Si­mon was lov­ing Syd­ney and was deeply im­mersed in the scene and felt a great sense of in­de­pen­dence hav­ing worked his own way out of the sit­u­a­tion he was in and got back on top of life. But like al­ways the surf was be­gin­ning to holla its beck­on­ing call. Si­mon was work­ing in Syd­ney City and while he got out for a surf now and then, the chal­lenge of work had him locked in to a rou­tine he was en­joy­ing. Then by chance he ran into a friend from Whanga­mata on the street who in­vited him to come and stay with her in Manly rather than liv­ing in the city, and you guessed it liv­ing by the beach sparked the naughty ad­dic­tion to pulling sick­ies at work and go­ing surf­ing in­stead, and Simo lost that job he had spent years de­vel­op­ing a com­mit­ment to.

Si­mon re­turned home to NZ hop­ing to pick up where he left off and his first visit to his surf spon­sor proved things would not be as easy as they once were; spon­sors wanted com­mit­ment and loy­alty and un­less that was proven af­ter a long hia­tus away they weren’t in­ter­ested in help­ing Simo out. Feel­ing down and out back home in NZ Simo had only been home for a week when a friend called him up say­ing, “Get over to Noosa bro, I have a big house with two sexy blon­des liv­ing with me, you have to get here and don’t worry about money, you can live here for free and I’ll sort ya food.”

Well it isn’t ev­ery­day some­one gets an offer like that, so off he went back to Ozzie, and the long right tub­ing point breaks of Noosa. His mate Nick was super cashed up with his plas­ter­ing busi­ness boom­ing and he sim­ply loved the com­pany and per­sonal coach­ing ad­vice that Simo of­fered in the surf. Simo ended up mov­ing down to the Gold Coast with a few mates and be­fore long Nick came calling once again. This time he had a mas­sive man­sion over­look­ing Kirra up on the hill. Si­mon had scored a job cook­ing at the Rain­bow Bay Surf Club and the two bro’s moved back in to­gether again when an­other lucky break came their way.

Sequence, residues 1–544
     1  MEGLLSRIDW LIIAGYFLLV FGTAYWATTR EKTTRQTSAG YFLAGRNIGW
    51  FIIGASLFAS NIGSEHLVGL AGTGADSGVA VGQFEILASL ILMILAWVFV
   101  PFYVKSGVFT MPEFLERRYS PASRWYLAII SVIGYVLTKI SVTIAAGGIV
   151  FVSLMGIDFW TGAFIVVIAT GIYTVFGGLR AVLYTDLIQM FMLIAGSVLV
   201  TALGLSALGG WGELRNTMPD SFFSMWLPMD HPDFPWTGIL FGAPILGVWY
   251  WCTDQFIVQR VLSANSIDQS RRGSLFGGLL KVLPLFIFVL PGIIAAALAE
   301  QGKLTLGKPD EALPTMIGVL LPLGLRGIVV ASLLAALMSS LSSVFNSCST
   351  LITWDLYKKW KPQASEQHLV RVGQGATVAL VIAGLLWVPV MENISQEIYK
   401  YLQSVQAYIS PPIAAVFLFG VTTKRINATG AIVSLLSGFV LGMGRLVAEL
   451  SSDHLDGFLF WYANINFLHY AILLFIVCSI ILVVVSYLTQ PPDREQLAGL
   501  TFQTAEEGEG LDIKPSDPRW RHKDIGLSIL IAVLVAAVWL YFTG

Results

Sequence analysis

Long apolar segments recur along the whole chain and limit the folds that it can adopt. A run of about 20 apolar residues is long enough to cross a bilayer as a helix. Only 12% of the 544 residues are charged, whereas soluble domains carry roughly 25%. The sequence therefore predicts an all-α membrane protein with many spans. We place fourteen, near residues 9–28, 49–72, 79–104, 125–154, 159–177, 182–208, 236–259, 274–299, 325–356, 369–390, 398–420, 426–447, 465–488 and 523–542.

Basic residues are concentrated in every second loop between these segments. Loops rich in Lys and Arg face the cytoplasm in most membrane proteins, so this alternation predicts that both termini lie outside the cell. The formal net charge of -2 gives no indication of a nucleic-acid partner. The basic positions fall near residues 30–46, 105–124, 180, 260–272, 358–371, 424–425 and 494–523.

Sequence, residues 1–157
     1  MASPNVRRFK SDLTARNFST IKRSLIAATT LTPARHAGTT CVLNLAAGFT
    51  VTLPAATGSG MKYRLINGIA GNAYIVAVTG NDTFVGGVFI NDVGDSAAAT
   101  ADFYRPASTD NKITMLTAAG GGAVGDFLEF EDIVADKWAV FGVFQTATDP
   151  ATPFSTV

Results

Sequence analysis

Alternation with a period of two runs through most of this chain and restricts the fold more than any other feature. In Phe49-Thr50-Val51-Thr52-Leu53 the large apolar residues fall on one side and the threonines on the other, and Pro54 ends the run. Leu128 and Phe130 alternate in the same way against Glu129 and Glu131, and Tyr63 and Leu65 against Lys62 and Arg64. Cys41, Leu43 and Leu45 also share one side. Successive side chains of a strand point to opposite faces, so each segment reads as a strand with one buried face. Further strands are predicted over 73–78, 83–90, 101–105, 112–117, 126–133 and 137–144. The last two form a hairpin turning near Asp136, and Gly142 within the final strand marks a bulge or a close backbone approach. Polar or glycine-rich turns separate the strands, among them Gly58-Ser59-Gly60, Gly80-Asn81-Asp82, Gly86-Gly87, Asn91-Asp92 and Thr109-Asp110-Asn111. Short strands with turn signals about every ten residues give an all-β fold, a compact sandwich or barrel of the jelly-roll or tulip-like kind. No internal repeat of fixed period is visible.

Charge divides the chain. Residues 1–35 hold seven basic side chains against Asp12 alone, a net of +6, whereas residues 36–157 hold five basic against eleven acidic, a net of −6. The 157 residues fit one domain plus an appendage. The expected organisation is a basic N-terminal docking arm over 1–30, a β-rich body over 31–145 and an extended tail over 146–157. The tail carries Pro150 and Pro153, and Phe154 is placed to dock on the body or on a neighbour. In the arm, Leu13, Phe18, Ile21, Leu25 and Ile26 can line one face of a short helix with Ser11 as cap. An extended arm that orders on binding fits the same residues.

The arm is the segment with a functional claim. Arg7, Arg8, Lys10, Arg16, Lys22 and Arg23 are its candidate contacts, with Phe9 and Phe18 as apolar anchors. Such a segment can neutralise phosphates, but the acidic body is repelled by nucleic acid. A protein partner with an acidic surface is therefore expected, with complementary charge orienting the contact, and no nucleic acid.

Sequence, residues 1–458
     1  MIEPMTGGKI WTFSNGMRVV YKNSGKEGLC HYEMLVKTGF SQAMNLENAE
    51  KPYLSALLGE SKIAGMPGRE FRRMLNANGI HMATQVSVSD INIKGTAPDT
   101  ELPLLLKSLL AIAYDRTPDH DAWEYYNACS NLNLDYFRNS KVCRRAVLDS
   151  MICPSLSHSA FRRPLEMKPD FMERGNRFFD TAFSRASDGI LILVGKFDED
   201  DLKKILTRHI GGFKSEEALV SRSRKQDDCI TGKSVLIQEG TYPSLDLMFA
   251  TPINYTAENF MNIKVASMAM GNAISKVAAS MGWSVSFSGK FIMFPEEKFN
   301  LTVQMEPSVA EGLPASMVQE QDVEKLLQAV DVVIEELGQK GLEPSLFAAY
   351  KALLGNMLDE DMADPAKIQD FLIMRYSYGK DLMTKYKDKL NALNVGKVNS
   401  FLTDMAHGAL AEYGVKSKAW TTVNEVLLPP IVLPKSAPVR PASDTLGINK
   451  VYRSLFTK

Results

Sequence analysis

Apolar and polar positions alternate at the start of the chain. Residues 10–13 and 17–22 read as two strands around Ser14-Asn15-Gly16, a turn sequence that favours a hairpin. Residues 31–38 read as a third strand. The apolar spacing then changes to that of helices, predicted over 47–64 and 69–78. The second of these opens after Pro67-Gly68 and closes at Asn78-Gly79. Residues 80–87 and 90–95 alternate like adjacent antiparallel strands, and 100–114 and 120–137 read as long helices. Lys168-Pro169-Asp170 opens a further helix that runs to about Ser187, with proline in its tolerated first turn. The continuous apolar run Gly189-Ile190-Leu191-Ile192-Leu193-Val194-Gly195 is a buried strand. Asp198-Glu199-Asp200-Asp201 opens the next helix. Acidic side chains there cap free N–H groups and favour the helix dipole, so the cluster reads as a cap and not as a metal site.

“Yeah, this super rich old fella owner called us up one day, and in­formed us that he wanted to tear the place down and build a huge apart­ment com­plex, but told us that we could stay there rent free un­til they started con­struc­tion. But it took them two years to get all the per­mits, which worked out amaz­ing cause I’d just lost my job again at Rain­bow Surf Club for the same old shit, go­ing surf­ing in­stead of work­ing. I knew heaps of the boys who were work­ing on fish­ing boats and they’d bring us free fresh fish and we lived on fish and rent free for two years just surf­ing our brains out! And in that time, we learnt so many dif­fer­ent ways to cook fish to make it taste dif­fer­ent so it wasn’t the same ev­ery­day”. Over the next few years Simo at­tempted to head back to kiwi life a few times but felt the lure of Australia was too hard to ig­nore and kept on go­ing back, recog­nis­ing the big­ger range of op­por­tu­nity and money on offer across the ditch. One job Simo worked was way up in North­west Australia in Broome div­ing on a pearl farm for a year where he would work two weeks on and have a week off. Since Broome was so close to Bali, it was grab a quick flight and party and surf hard for a week be­fore heading back to work. Then came a stint scaf­fold­ing in the mines. “Work­ing in the mines was epic money but the work was so mo­not­o­nous and the more money you earned the more you spent. I’d make 2-3 grand a week but then I’d order a new JS or a new Pyzel, which I didn’t re­ally need. what I found work­ing in the mines was you have no sense of sav­ing your money, and you get trapped in this cy­cle of work­ing two weeks and in the week and a half you had off you’d blow all that money and come back and start at square one again. Af­ter a while I learnt how to man­age it and I got on a pretty good pro­gramme and I’d head out to a site where ev­ery­thing is sup­plied, I wouldn’t drink al­co­hol and I’d go to the gym and eat real healthy, and then fo­cus on get­ting to Bali and just do­ing noth­ing else but surf­ing dur­ing my time off”. A chance meet­ing with an­other guy work­ing in the mines saw a con­ver­sa­tion re­volve around this guy fly­ing out to work as a chef of an In­done­sian Surf Char­ter Boat name the Bu­lan Baru. Simo of­fered his ad­vice from ex­pe­ri­ence in meal plan­ning and through that chance meet­ing, his des­tiny was be­ing writ­ten. Three weeks later, as Simo was about to start an­other shift in the mines, he re­ceived a call from his chef col­league, who couldn’t make the next trip and of­fered the chance to fill in to Simo. “I re­ceived a call from the owner of the boat and he didn’t know me and we hadn’t met, but he ba­si­cally said if you want the job it’s yours, but can you get over here to­mor­row? I was shocked I was about to start an­other stint and I ended up say­ing hey mate there’s no way I can make it I start work in the mines in three days, sorry I can’t do it and I hung up! Then it dawned on me as I sat there, here was this op­por­tu­nity I had al­ways wanted and dreamed of, to cruise around the is­lands, cook­ing on a boat for ten guests, had I just said no to the dream job? And I was like F%$# that, jumped on the phone and said count me in, I’ll do it!” The next day Simo flew over to Bali and met Todd and Bill the boat own­ers, and that first trip for Simo was timed per­fectly with an all-time swell and Simo was in heaven. The guests were singing Simo’s praises, not only for his cook­ing skills but also were super stoked to be shar­ing these empty and iso­lated line­ups with such a good surfer. Iron­i­cally it seemed all those years of tak­ing off from work to im­prove his surf­ing were about to pay off and land Simo the ‘Dream Job’. With the guests’ feed­back to the boat own­ers, they saw Simo’s first-hand in­ter­ac­tion be­tween the guests as an as­set to the busi­ness and of­fered him a per­ma­nent po­si­tion.